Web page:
We talked about about Greene (he had met him while working on the Comedians two decades earlier) and he had read the book when it came out. We discussed how it presciently reflects the r history of Vietnam in the love triangle of the cynical British newspaperman in his 50's, a young Vietnamese street girl and and a lethally idealistic American CIA agent. There is a moment in the first encounter of director and actor when your hackles literally rise as you catch the first scent of the possibility of performance, and Burton's mix of power and sexuality, the new young wife in the wings, the sense of instinctual political suspicion, all seemed to fuse into the possibility of creating Greene's Fowler. When he got up to show me to the door the frailty seemed to fall away and he was excited, by himself rather than me, but as he shook my hand he growled, 'Let's get started then' and I excitedly went back to my producers and told them that he was interested and we all knew that this would trigger Studio interest and suddenly the film seemed to be real. Less than two months later, on August 5th 1984, Burton died of a brain haemorrhage in his home in Switzerland and despite having known him for less than two hours there was a moment of powerful loss, not the loss of a film but because that fierce unruly energy had left the world at a point where a new and original work seemed suddenly possible.

The film however did not die, Burton's interest had inspired all of us and a few weeks later on October the 30th, I was on an Air India flight to what was then Bombay with producer, production designer and writer to look for locations. India may not immediately seem the obvious destination for a film set entirely in Vietnam and more specifically, largely in the French Colonial city of Saigon, however in 1984 there was no possibility of shooting in Vietnam itself which, over a decade after the end of the war, was still considered beyond the pale to US Film Companies. Dan, our intrepid and well travelled producer was convinced that Cochin (now Kochi) on the South West coast of India had the right mix of Colonial building and jungle to play the part of Vietnam and the recent success of Richard Attenborough's Gandhi had increased the sense of India's viability as a location. So we arrived in Bombay on the morning of October 30th and I still remember shuffling down the aisle to stand for a moment in the doorway of the plane as the heat and astonishing mix of smells hit me with the force of a frying pan in a Tom and Jerry cartoon, announcing my arrival on the continent. It was like that moment in a cinema when there is a whirring sound and the screen transforms from a neat rectangle into the thrilling letterbox of the wide scree. There was something instantly and literally epic as I stood at the top of the open steps that led down to the concrete expanse below where a muddle of busses and luggage carts, porters and fuel trucks awaited. It was one of the most exciting seconds of my life and I was instantly in love, a thunderbolt of excitement which seemed to be the definition of cinematic.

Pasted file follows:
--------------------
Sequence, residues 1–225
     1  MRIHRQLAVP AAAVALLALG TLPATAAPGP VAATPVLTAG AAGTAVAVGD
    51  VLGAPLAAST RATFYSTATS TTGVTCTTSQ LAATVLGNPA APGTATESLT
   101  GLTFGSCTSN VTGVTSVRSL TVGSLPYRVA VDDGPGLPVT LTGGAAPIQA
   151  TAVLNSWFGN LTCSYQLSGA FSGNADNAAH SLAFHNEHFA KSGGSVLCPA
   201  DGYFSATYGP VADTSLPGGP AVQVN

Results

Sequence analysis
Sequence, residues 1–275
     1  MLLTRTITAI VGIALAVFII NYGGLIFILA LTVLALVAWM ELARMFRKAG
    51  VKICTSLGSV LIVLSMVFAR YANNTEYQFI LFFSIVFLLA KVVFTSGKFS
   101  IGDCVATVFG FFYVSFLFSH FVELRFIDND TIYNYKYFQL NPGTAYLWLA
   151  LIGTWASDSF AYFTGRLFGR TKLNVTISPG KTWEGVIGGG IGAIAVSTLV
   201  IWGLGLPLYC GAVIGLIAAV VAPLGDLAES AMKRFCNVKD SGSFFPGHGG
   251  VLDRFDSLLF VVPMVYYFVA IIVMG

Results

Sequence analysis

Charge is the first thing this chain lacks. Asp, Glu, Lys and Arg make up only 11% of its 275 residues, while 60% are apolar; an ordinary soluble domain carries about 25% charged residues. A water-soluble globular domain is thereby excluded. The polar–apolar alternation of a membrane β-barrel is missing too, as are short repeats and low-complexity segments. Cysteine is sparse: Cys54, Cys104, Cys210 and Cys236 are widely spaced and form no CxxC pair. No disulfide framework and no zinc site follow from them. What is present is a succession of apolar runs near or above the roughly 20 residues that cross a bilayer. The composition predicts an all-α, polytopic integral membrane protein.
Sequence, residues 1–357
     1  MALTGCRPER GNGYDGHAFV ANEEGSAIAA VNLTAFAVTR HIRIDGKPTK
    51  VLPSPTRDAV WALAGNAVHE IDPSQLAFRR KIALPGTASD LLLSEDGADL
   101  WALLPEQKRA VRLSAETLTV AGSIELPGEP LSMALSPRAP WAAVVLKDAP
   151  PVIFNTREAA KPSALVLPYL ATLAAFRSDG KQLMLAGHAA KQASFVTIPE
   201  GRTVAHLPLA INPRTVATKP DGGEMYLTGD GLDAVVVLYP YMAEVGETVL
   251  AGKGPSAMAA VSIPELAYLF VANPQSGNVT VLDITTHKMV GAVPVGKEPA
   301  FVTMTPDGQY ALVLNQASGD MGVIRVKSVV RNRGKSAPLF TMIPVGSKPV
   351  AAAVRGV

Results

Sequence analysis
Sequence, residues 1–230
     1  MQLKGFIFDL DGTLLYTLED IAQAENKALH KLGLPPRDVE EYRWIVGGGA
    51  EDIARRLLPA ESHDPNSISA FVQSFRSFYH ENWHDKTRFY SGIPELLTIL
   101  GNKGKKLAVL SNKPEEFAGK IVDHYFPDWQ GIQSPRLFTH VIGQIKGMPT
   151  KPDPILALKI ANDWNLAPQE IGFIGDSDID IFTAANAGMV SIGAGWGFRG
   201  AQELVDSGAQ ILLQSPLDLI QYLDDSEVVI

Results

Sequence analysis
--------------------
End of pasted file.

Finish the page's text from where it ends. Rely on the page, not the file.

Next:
We were due to fly to Cochin the following morning but meanwhile had a few hours to 'kill' in Bombay where we were to meet some production representatives and collect two assistants who would act as researchers and translators on our trip to the South. The drive into the city was almost as exciting as that first second, again the scale and the energy of the country seemed out of proportion to anything I had ever experienced before, an arrival at LA seemed like entering a sleepy Dorset village in comparison and what was more extraordinary was that everyone talked to us because of course everyone, it seemed, spoke English. So although I had never been anywhere which seem more exotic and strange at the same time there was an instant familiarity that was both open and welcoming as we arrived at the Taj Mahal Hotel which seemed, and indeed was, the largest and grandest building I had ever seen. We had a few short hours to look round the city and our two researchers acted as guides but all too quickly we were back at the airport for the early morning two hour flight to Cochin.